Parathyroid Gland: The Function of the Parathyroid Gland
Guest: Dr. Denise Carneiro-Pla - Surgery
Host: Dr. Linda Austin – Psychiatry
Dr. Linda Austin: I’m Dr. Linda Austin. I’m interviewing Dr. Denise Carneiro-Pla, Assistant Professor of Surgery, Medical University of South Carolina. Dr. Carneiro-Pla, I know you have a special interest and very strong background in the field of endocrine surgery. What are the endocrine glands, to begin with?
Dr. Denise Carneiro-Pla: Endocrine surgery is an area of general surgery that includes surgeries for endocrinopathies of thyroids, parathyroids, adrenals, and the function tumors of the pancreas.
Dr. Linda Austin: Now, you said endocrinopathies, what is an endocrinopathy?
Dr. Denise Carneiro-Pla: Any endocrine tumor or hormone-related disease that, usually, is surgical.
Dr. Linda Austin: You started off by saying parathyroid. I know that the diseases and the surgical treatment of the parathyroid has been a very strong interest of yours, that you’ve published many papers in that area and book chapters, and so forth, so let’s focus on that first. First, where are the parathyroid glands?
Dr. Denise Carneiro-Pla: The parathyroids are located behind the thyroid, in the cervical area. You have four parathyroids, two in each side of the neck. The parathyroids are responsible for calcium metabolism. When the parathyroid starts producing too much hormone, the blood calcium is elevated and the hormone will take the calcium from the bones and lead to osteoporosis.
Dr. Linda Austin: Or a weakening of the bones?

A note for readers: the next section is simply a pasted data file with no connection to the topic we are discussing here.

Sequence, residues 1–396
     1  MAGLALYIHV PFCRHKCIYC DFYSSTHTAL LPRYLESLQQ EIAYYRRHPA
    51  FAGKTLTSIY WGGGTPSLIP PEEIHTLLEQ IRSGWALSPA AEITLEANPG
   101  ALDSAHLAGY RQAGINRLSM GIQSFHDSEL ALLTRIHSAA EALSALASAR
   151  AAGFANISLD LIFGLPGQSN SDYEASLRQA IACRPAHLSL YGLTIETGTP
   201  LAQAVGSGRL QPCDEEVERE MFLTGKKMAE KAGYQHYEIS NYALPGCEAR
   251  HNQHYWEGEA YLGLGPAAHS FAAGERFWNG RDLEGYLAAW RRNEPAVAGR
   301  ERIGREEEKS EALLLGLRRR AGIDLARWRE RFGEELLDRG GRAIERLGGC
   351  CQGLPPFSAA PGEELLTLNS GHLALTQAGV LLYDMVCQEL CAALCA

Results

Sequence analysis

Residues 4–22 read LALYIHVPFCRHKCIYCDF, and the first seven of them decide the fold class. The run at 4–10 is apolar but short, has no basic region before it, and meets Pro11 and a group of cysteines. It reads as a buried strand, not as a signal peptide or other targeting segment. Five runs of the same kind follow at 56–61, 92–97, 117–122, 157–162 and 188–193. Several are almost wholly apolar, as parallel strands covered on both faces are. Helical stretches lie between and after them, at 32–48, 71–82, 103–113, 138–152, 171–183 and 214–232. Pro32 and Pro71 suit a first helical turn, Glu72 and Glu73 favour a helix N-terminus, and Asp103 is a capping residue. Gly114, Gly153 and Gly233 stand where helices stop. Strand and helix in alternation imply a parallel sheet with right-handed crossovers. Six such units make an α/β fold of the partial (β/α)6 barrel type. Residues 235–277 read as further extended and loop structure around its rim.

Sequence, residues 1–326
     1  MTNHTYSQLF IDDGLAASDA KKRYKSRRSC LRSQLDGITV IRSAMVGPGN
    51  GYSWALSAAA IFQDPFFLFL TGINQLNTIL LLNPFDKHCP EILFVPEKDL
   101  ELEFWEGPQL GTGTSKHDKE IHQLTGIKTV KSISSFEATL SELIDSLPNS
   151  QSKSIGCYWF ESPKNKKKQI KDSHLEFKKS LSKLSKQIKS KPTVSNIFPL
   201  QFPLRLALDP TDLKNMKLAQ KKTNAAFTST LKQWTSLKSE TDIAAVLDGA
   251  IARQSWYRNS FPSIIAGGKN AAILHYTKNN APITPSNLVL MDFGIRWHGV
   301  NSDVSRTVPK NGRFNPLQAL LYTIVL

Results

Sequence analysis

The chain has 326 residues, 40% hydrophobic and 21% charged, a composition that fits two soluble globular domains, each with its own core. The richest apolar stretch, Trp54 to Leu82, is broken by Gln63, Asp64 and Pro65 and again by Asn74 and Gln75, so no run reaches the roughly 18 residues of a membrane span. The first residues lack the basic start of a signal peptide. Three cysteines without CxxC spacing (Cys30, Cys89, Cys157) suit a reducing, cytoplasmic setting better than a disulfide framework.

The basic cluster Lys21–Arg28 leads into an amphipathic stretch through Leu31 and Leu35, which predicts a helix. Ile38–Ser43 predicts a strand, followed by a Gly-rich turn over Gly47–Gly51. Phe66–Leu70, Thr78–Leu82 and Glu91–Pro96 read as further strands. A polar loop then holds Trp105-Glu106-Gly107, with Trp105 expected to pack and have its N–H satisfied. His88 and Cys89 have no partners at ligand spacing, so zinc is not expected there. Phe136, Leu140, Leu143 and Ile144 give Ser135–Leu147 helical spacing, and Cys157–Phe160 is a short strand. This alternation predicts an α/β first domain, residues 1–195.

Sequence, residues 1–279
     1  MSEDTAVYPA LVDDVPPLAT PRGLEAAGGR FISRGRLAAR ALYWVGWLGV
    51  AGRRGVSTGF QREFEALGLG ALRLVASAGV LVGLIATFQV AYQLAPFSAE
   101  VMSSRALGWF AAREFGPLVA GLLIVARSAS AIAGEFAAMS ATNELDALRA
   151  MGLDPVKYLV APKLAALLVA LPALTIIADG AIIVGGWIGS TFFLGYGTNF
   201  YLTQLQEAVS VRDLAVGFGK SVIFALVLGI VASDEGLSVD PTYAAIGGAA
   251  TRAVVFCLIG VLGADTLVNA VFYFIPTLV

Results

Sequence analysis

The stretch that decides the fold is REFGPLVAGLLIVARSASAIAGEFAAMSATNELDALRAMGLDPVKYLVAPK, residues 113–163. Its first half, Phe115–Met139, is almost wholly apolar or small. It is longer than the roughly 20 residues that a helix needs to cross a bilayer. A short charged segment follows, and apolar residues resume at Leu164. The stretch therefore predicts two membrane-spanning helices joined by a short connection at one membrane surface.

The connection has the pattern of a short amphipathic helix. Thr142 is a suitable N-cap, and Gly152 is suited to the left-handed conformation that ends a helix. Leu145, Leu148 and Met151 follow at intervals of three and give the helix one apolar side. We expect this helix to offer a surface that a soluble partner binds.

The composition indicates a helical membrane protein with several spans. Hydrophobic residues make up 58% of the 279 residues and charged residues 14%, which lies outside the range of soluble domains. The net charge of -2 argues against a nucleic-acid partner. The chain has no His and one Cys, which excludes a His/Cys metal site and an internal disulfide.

Dr. Denise Carneiro-Pla: Or osteopenia, weakening of the bones, or you can spill the calcium, the excess calcium, in the urine, which could result in kidney stones. So, you can have all those symptoms, but these two are the problems that the parathyroid can develop. You could have fatigue, neuropsychological changes, difficulty concentrating, bone pain, muscle pain. All of these symptoms are subjective, but those are the two objective changes the parathyroid hormone can bring about in your body.
Dr. Linda Austin: The weakening of the bones and the kidney stones?
Dr. Denise Carneiro-Pla: Yes.
Dr. Linda Austin: Now, I would imagine, though, that oftentimes if a person has been getting a routine physical exam with blood work, it might be picked up at that time because of the change in calcium, is that right?
Dr. Denise Carneiro-Pla: Actually, nowadays, that’s how we diagnose primary hyperparathyroidism, which is dysfunction of the parathyroid itself. So, the patient goes to the family practice doctor. They get a workup, like for follow-up only, and learn that their calcium is elevated. At that time, you’re going to learn the reasons why the calcium is elevated, and one of them is hyperparathyroidism.
Dr. Linda Austin: So, let’s imagine a patient on a routine physical is found to have elevated calcium in their blood, what will the doctor do next?
Dr. Denise Carneiro-Pla: The primary care physician, then, will find in the routine lab work the aPTH, a parathyroid hormone, which, if elevated, the patient should be worked up for primary hyperparathyroidism.
Dr. Linda Austin: So, the patient, then, might be sent to you, an endocrine surgeon, what do you do next?